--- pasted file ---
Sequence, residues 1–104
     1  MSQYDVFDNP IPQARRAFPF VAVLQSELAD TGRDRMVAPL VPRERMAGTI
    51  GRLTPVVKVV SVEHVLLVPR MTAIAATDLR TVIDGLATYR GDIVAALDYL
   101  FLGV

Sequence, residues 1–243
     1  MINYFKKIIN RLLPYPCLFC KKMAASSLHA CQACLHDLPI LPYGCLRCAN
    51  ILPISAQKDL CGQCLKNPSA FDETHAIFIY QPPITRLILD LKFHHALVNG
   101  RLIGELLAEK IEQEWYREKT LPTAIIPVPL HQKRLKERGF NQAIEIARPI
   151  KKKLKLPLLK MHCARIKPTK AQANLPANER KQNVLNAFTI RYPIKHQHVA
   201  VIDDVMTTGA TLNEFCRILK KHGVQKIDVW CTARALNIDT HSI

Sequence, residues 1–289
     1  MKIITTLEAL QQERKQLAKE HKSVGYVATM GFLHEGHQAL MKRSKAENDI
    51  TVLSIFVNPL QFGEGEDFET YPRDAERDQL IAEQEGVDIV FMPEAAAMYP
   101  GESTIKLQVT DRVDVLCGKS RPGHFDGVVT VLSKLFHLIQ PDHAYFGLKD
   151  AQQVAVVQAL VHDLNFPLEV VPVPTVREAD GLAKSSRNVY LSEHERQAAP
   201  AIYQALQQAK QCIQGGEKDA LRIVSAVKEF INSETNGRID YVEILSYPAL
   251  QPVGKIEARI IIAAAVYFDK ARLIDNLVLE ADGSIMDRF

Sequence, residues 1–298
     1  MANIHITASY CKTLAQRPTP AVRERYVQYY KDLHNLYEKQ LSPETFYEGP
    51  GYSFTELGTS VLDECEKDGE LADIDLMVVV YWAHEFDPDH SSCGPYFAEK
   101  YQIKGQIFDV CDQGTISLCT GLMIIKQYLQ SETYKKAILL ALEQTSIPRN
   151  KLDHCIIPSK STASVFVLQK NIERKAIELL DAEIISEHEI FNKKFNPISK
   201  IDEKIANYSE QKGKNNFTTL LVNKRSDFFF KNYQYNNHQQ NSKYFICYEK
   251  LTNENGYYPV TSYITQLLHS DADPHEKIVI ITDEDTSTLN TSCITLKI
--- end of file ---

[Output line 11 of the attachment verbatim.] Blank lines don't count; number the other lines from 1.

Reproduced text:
Sequence, residues 1–289